If you visit around this time, remember that spring is somewhat of a limbo period in Banff — summer and winter see way more activities take place. There are also fewer tours and reduced hours at businesses.

However, The Columbia Icefield begins welcoming guests in mid-April, and the Columbia Icefield Skywalk opens in May, and these are activities worth putting on your agenda.

Also, spring has plenty of wildlife viewing opportunities, especially bears in late spring (tip: early mornings and late evenings are when you stand the biggest chance to see them).

In terms of festivals, here’s what you can expect if you visit in spring: March opens with The Arc’Teryx Canmore Ice Climbing Festival, inviting climbers to test their skills at various levels.

There’s also the Lake Louise Junior Big Mountain Challenge, with free skiers competing against one another and attempting to impress the judges.

April wraps up with the beginning of Banff Summer Arts Festival, which runs through September, celebrating various artists and uniting music enthusiasts by honoring a wide range of genres. Those up for a good run should join the Banff to Calgary Road Race (May).

Being a fundraising event, you’ll not only do a good thing for your body, but also contribute to a good cause. May hosts the Slush Cup too —- skiers and snowboarders go down the hill to plunge themselves into slushy water.

Least Busy Time to Visit  Banff National Park

The start of fall where two trees can be seen changing color and an icy mountain can be seen in background, the overall best time to visit Banff National Park.

Songquan Deng/Shutterstock

The least busy time to head to Banff National Park is in the fall (September—November).  These three months see average temperatures between 18°F and 64°F.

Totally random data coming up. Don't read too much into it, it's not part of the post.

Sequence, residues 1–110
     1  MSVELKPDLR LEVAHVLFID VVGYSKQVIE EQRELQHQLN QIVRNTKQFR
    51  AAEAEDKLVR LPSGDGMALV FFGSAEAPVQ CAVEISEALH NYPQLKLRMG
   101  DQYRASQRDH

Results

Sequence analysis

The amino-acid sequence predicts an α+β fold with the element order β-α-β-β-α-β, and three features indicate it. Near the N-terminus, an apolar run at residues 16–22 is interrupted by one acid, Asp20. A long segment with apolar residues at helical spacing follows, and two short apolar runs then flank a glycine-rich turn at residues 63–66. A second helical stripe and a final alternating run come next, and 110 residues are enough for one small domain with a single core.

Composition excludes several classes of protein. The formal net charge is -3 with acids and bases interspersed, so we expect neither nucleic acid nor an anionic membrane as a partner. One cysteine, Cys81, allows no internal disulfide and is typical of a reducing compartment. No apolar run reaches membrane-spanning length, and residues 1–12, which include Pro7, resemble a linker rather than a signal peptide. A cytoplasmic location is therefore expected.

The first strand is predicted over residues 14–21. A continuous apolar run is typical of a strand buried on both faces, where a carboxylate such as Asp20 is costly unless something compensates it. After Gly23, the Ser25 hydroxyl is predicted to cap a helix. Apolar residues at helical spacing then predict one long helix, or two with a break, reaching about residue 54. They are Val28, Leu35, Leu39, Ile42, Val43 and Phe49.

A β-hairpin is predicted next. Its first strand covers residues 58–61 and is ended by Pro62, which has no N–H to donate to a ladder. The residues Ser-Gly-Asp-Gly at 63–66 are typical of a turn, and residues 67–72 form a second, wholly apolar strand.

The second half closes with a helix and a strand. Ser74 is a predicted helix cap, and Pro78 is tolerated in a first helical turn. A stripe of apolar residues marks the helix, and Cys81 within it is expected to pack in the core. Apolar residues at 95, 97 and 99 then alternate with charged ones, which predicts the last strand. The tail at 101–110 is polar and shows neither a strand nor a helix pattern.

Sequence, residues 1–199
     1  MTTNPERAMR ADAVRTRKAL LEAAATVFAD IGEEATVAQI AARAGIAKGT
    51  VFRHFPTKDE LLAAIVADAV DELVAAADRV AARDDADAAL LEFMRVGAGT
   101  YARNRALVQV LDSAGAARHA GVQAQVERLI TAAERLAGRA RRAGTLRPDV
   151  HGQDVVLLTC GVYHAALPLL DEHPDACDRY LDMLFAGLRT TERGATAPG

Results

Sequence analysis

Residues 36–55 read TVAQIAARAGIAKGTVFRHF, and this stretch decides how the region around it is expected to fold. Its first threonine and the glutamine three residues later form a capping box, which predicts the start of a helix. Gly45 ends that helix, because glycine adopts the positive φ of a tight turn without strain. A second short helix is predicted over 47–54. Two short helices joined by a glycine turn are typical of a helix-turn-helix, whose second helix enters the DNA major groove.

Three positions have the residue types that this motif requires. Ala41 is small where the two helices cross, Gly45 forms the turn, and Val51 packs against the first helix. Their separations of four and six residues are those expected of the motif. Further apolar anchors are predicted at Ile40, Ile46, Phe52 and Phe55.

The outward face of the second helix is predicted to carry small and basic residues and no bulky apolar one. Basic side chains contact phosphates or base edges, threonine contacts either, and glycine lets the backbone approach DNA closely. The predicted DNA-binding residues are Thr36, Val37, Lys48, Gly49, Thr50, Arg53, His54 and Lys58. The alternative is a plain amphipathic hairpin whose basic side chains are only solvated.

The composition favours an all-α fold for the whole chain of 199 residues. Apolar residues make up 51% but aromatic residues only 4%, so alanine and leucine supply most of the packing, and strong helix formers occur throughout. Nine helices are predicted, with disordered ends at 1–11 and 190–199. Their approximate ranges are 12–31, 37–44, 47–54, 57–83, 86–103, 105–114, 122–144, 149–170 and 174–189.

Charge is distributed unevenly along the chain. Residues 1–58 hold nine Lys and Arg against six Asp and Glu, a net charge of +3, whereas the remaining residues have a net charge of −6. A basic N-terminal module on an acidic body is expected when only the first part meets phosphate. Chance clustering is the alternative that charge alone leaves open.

Although the weather’s crisp, the fewer crowds and a large number of fun fall events compensate for it. The fall foliage is an added bonus; spotting wildlife is quite frequent around this time as well, and golf courses are said to provide discounts.

If you happen to visit in September and/or October, you’re in for a treat, as it’s the larch season. Specific to Alberta and the northern US, the alpine larch is a delicious coniferous tree one only gets to see around this time.

When it comes to the events worth being on your cultural radar, consider the following ones: the Banff Mountain Film & Book Festival (October-November), including authors sharing their stories, or filmmakers displaying their films, music, exhibitions, campfire nights, discussions, and so much more.

There’s also Taste for Adventure (October-November), for those ready to treat their taste buds to the flavors of Banff National Park, and Banff Craft Beer Festival (November), an annual event, considered “the world’s most beautiful beer festival,” as visitors enjoy not only tasty local beers but also stunning views.

Late November sees the beginning of the ski season and the opening of the Banff Christmas Market.

Finally, if you can’t make it to Banff National Park in the fall yet you want to avoid the crowds, don’t come around major holidays. These periods tend to be the busiest — Labor Day, Victoria Day, Civic Holiday, Remembrance Day, and Family Day.

Worst Time to Visit  Banff National Park

Bighorn sheep pictured standing on a path below a mountain under blue skies in the middle of winter, the overall worst time to visit Banff National Park

Natalai Pushchina/Shutterstock

The worst time to visit Banff National Park is in winter (December—February). Winters here see temperatures hovering around 28°F during the day, and 3°F at night.

It’s hands down the coldest time of the year, and unless you’re into winter sports, you’ll regret deciding to pay Banff National Park a visit, as that’s the main focus around this time.

With that being said, even if you’re not into skiing or snowboarding, there are still ways to enjoy Banff by attending some of the holiday festivals, checking out the Christmas Market and buying souvenirs, or simply marveling at the snowy landscape.